General Physics II

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General Physics II
PHYS - 2120
Fall Semester, 2014
Dr. Steven Gollmer
Email: [email protected]
Office: ENS 239
Office Hours: M, W, F: 11:00 – 11:50
T: 12:00 – 12:50 Th: 1:00 – 1:50
Open Door Policy(See below)
Phone: Office: ext. 7764
Essential University Physics Vol. 2 2nd Ed., by Wolfson. We will cover Chapters 20 – 32 and selected topics from the
remaining chapters. For the laboratory, you will be using handouts provided by me as well as pre- and post-labs provided
through Moodle.
Text:
Prerequisite:
PHYS 2110 (First semester calculus based physics)
Class Room:
Class Time:
HSC 107
12:00 - 12:50 M W F
Lab Room:
Lab Time:
ENS 238
Section 1
Section 2
Section 3
Section 4
Section 5
3:00 – 4:50 M
8:00 – 9:50 Tu
3:00 – 4:50 Tu
3:00 – 4:50 W
3:00 – 4:50 Th
Class Web Page: http://people.cedarville.edu/employee/gollmers/phys2120/phys2120.htm
Moodle Site: http://moodle.cedarville.edu
Community
Laboratory
Theory /
Concepts
Objectives:
Theory/Concepts: The student will be able to recall physical principles
related to electricity, magnetism, electromagnetic
waves, and optics. In addition they will apply these
Assessment
principles by solving a wide range of physics
Mapping
problems using the appropriate mathematical
techniques.
Analysis:
The students will develop problem-solving skills and
Exams
X
be able to analyze problems related to
Final Exam
X
electromagnetism and optics.
MasteringPhysics
X
Laboratory:
The student will be able to analyze concepts related
Quizzes
X
to electricity, magnetism and optics by comparing
Application Projects
them to observed phenomena and testing them in the
Laboratory
X
laboratory setting.
Community:
The student will reflect on the beauty of God’s creation as found in physics and apply their
understanding to serve God and others. (Psalm 8:3-4)
Analysis
Course Description:
PHYS 2120 – General Physics II
4 hours
Basic concepts of electricity and magnetism, light and optics using calculus. This is the second of a three-semester
sequence intended for students in the physical sciences and engineering programs. Topics include electricity,
magnetism, Maxwell’s equations, DC and AC circuits, geometrical and physical optics. Three lectures and one twohour laboratory per week.
Prerequisites: MATH-1720 Calculus II; PHYS 2110 General Physics I. (Fee: $100)
X
X
X
X
X
X
X
Grading:
300
150
76
50
30
144
750
3 Unit Exams (100 pts each)
1 Final Exam (comprehensive)
Mastering Physics (~6 pts each chapter)
Quizzes (10 pts each, best 5 of 6 quizzes)
Application Projects (15 pts each)
Laboratory (12 pts each)
Total
Grading Scale
90% and up:
80% and up:
70% and up:
60% and up:
Below 60%:
A
B
C
D
F
(–) Lowest 3
percentage points
in a grade range.
(+) Highest 3
percentage points
in a grade range
except for an A.
NOTE: A passing grade in the lab is a prerequisite to passing the course. An F on the labs means an F for the course.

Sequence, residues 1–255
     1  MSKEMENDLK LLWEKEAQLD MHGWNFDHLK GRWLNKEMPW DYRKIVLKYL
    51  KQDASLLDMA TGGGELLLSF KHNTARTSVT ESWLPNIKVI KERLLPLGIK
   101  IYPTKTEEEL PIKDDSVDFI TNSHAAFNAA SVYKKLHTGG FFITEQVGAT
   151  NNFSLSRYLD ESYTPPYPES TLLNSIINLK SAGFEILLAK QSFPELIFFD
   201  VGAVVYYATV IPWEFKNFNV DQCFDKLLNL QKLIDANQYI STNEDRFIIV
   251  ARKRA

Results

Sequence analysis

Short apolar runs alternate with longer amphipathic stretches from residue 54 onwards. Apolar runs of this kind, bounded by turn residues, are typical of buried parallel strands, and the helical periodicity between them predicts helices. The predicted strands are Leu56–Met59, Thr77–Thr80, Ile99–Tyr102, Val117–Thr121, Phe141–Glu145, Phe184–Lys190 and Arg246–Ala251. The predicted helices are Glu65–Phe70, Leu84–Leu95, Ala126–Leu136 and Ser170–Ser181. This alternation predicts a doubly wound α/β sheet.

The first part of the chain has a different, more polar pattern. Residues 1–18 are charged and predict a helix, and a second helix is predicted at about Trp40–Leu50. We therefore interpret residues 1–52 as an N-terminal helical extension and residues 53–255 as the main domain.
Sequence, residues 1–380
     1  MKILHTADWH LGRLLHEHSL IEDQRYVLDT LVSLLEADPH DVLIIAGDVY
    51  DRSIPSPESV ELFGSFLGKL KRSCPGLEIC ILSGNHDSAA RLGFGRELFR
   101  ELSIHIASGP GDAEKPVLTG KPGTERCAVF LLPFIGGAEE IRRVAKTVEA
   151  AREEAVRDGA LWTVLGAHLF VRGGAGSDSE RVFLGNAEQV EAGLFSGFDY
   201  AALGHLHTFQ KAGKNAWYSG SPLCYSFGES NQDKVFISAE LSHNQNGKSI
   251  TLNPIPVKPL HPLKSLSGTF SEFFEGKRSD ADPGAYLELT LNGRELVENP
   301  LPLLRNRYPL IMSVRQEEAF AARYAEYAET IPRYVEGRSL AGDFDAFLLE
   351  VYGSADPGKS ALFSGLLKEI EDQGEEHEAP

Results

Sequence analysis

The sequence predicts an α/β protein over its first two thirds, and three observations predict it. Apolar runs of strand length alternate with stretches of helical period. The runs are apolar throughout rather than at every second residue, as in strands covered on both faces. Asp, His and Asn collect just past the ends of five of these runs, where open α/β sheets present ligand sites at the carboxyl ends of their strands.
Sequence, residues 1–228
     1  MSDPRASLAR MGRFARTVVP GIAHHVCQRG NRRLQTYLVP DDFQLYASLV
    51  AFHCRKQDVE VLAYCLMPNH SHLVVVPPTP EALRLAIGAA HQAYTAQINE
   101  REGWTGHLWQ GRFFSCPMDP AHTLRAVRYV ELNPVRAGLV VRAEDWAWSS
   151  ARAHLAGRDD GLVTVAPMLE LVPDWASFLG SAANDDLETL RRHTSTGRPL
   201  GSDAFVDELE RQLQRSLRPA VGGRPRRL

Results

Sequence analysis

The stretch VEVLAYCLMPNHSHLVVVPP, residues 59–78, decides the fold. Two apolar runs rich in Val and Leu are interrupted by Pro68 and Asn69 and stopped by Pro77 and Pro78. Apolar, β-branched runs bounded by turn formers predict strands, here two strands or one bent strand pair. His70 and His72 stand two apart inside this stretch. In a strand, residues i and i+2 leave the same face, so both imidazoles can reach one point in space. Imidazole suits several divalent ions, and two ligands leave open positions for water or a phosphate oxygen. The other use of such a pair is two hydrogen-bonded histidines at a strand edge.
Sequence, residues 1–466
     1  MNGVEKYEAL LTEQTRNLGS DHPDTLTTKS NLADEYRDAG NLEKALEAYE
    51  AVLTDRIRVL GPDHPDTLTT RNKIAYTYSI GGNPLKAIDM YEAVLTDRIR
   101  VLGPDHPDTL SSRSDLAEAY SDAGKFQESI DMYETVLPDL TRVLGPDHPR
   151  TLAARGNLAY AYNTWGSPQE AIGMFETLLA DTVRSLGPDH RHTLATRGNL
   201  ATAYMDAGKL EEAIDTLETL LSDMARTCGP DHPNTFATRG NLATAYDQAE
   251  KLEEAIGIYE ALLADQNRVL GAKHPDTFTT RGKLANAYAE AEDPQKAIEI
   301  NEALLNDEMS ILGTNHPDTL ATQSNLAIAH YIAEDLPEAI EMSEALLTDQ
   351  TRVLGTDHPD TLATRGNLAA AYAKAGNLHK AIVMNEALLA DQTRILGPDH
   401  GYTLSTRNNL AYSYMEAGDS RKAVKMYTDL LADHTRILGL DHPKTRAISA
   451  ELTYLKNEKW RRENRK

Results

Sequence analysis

DO NOT ignore the labs.
The results for all exams, quizzes, homework, etc. will be given a point score. For example a 7 on a quiz means 7 out of 10
points were earned on the quiz. The calculation of the final grade will be the result of a straight percentage from the points
accumulated during the course of the semester. Though no "curving" of the final grade will be done, I reserve the option of
raising a student's final grade due to their good attitude, class participation and marked improvement during the course of the
semester.
Topics:
The following topics will be covered during the course of the semester. Timing of these topics is reflected in the schedule.
Electricity
Magnetism
Optics

Coulomb’s Law

Magnetic Fields

Reflection

Electric fields

Biot-Sarvart’s Law

Refraction

Gauss’ Law

Ampere’s Law

Dispersion

Electric Potential

Faraday’s Law

Snell’s Law

Capacitors

Lenz’s Law

Curved Mirrors

Current

Inductance

Thin Lenses

Resistance

AC Circuits

Optical Instruments

Double-slit Interference

DC Circuits

Transformers

Diffraction Gratings

RC Circuits

EM Waves

Thin Films

Polarizations

Single-slit Interference

Poynting Vector
Exams:
3 unit exams and one comprehensive exam will be given during the course of the semester. Though each unit exam only covers
material from the previous unit exam, there is some building of concepts which will show up in later exams. Problems on the
exam will be similar to problems which exist in the textbook and on the quizzes. The final exam is comprehensive and will be
similar to the unit exams except for length.
Quizzes:
6 quizzes are scheduled during the semester. These will give you a chance to see how I ask questions and will prepare you for
the unit exams. Only the 5 highest quizzes will be kept for a grade. Therefore, the lowest quiz of the semester will not be
included in your grade for the semester. If you miss a quiz due to an unexcused absence, it will be recorded as a zero and,
therefore, would be your lowest quiz for the semester.
MasteringPhysics: